The service guy went above and beyond to get our situation resolved. Suffice it to say, I mysteriously acquired his cell phone number, and he took care of us.

Seriously…more man hours were spent…by a factor of about five…to get the service change ordered than it took an actual working man to get the job done (including drive time)!

Soooo…Oncor arrived and pulled our old service. In a matter of about 10 minutes, he had us hooked up and running on the new riser. Yeahhhhh! Full power restored!

The Oncor guy...hooking up our new service riser.

The Oncor guy...hooking up our new service riser.

I can now comfortably run higher loads without the worry that the entire service entrance may blow itself off the house at any moment. Phew!

How incredibly handy...that bucket truck.

How incredibly handy...that bucket truck.

I have to comment as well…that the state of the art in service tools has come a LONG way since I did this kind of work. The bucket boom arm is insulated! In other words…there is a non-conductive section in the boom at any extension length. Way cool. Also, the service guy had this nifty battery powered electric/hydraulic crimper for crimping the wires together…very nice (the tool we had when I was doing it looked like a pair of bolt cutters and was powered by long handles and muscle…sometimes an issue when tangled up amongst live wires in a swaying bucket high above the ground.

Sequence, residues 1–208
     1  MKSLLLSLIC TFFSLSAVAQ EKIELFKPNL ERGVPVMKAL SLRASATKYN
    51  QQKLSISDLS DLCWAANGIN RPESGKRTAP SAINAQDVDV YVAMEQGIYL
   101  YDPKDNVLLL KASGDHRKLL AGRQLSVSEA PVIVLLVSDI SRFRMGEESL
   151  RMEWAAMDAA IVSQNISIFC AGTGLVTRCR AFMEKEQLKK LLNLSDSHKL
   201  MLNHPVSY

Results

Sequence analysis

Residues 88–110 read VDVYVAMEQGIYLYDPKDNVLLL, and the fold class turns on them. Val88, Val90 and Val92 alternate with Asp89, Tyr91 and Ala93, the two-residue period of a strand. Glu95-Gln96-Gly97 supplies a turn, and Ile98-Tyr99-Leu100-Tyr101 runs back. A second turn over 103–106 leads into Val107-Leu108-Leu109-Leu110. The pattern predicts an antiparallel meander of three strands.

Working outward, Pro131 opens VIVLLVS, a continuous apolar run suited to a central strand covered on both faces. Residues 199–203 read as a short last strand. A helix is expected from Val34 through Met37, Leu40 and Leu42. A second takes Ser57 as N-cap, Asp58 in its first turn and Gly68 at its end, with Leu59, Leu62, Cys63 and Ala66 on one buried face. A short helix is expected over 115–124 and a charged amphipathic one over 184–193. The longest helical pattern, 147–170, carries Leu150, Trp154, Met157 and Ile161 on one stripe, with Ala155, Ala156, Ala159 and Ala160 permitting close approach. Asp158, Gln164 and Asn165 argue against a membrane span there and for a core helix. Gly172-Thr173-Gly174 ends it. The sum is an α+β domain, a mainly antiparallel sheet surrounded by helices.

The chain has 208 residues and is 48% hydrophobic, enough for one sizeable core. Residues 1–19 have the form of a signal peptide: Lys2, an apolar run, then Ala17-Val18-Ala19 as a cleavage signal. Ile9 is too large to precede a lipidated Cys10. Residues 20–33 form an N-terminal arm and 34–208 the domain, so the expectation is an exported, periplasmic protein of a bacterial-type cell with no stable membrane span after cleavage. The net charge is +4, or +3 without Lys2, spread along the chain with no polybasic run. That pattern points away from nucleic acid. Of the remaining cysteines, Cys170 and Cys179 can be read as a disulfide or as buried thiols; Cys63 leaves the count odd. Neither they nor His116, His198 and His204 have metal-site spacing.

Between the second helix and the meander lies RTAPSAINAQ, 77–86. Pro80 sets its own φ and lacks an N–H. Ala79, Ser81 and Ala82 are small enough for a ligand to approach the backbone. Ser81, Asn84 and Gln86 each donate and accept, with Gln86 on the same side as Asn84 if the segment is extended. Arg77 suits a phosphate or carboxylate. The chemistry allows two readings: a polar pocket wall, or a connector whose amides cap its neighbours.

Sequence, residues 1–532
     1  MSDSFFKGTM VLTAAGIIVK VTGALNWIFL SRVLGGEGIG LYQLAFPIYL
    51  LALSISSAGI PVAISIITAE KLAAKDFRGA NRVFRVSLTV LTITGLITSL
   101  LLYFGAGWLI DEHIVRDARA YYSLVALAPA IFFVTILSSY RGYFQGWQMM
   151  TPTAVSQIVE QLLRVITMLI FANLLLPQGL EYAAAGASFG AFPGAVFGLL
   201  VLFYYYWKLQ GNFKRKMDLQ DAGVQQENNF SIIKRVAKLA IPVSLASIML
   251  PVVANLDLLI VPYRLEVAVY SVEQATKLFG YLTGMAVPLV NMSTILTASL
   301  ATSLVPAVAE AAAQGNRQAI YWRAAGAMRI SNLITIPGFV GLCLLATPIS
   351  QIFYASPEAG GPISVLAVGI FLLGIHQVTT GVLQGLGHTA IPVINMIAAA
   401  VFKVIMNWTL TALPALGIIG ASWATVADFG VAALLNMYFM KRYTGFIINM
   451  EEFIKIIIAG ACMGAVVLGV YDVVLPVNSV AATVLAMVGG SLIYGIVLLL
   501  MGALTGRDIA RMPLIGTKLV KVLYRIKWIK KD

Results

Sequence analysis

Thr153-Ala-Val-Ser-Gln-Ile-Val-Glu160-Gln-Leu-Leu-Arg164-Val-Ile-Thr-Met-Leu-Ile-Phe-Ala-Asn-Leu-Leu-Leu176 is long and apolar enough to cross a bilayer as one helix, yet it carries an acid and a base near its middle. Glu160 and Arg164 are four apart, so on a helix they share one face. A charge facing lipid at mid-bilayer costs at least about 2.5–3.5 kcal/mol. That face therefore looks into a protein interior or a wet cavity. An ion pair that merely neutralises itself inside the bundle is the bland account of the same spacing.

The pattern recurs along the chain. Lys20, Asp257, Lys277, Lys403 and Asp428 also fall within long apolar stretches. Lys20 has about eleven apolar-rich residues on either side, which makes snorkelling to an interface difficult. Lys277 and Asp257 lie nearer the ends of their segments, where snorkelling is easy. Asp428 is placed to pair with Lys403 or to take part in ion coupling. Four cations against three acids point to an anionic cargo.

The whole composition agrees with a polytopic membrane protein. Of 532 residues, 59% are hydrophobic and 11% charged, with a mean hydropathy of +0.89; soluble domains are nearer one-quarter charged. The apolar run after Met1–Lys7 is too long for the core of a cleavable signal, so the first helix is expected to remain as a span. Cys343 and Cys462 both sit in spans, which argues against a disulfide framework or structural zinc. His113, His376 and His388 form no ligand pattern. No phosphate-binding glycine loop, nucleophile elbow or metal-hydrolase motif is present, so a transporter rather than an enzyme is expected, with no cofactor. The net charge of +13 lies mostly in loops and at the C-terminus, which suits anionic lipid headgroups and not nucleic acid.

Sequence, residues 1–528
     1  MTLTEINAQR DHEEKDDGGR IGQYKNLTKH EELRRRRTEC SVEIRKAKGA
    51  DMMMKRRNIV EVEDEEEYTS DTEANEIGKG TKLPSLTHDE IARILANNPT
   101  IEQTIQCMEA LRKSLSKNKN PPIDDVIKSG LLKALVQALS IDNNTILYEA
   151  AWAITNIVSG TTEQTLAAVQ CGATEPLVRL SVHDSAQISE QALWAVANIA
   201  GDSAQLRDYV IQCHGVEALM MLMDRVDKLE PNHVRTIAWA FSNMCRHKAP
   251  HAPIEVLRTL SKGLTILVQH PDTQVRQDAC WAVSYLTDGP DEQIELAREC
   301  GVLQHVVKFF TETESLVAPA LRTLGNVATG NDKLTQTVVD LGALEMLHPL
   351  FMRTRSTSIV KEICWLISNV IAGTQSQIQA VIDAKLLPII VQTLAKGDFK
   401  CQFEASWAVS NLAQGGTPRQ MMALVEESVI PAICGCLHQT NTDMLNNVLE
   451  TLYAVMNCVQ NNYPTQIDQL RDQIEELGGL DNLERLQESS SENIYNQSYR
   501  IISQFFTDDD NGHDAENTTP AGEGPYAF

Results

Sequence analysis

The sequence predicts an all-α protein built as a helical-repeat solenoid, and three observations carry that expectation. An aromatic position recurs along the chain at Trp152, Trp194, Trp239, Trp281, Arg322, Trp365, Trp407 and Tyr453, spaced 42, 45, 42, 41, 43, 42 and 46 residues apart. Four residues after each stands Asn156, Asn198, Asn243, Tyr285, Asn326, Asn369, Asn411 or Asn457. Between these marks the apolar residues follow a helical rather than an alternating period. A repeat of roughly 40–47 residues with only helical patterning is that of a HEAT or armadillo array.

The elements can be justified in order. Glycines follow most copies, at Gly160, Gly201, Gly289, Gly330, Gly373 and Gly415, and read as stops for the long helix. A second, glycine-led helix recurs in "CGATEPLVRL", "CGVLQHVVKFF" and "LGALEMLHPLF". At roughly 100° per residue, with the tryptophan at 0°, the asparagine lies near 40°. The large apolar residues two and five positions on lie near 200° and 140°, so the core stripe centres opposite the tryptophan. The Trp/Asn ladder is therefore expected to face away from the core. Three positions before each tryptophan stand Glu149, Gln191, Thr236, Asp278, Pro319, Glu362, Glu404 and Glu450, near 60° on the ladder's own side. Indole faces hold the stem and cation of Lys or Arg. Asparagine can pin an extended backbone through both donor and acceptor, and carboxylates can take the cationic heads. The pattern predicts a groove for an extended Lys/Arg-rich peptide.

That truck would be VERY handy for painting and other roof work…sigh…

Yah…you know you’re on old house owner when you find yourself lusting after a boom-arm.

Anyway, that’s the end of this project, having…just so far…taken about 12 hours of work (over two weeks) longer than it should have. Ah well, at least we’re moving forward.

About Daniel Meyer

Author. Adventurer. Electrician.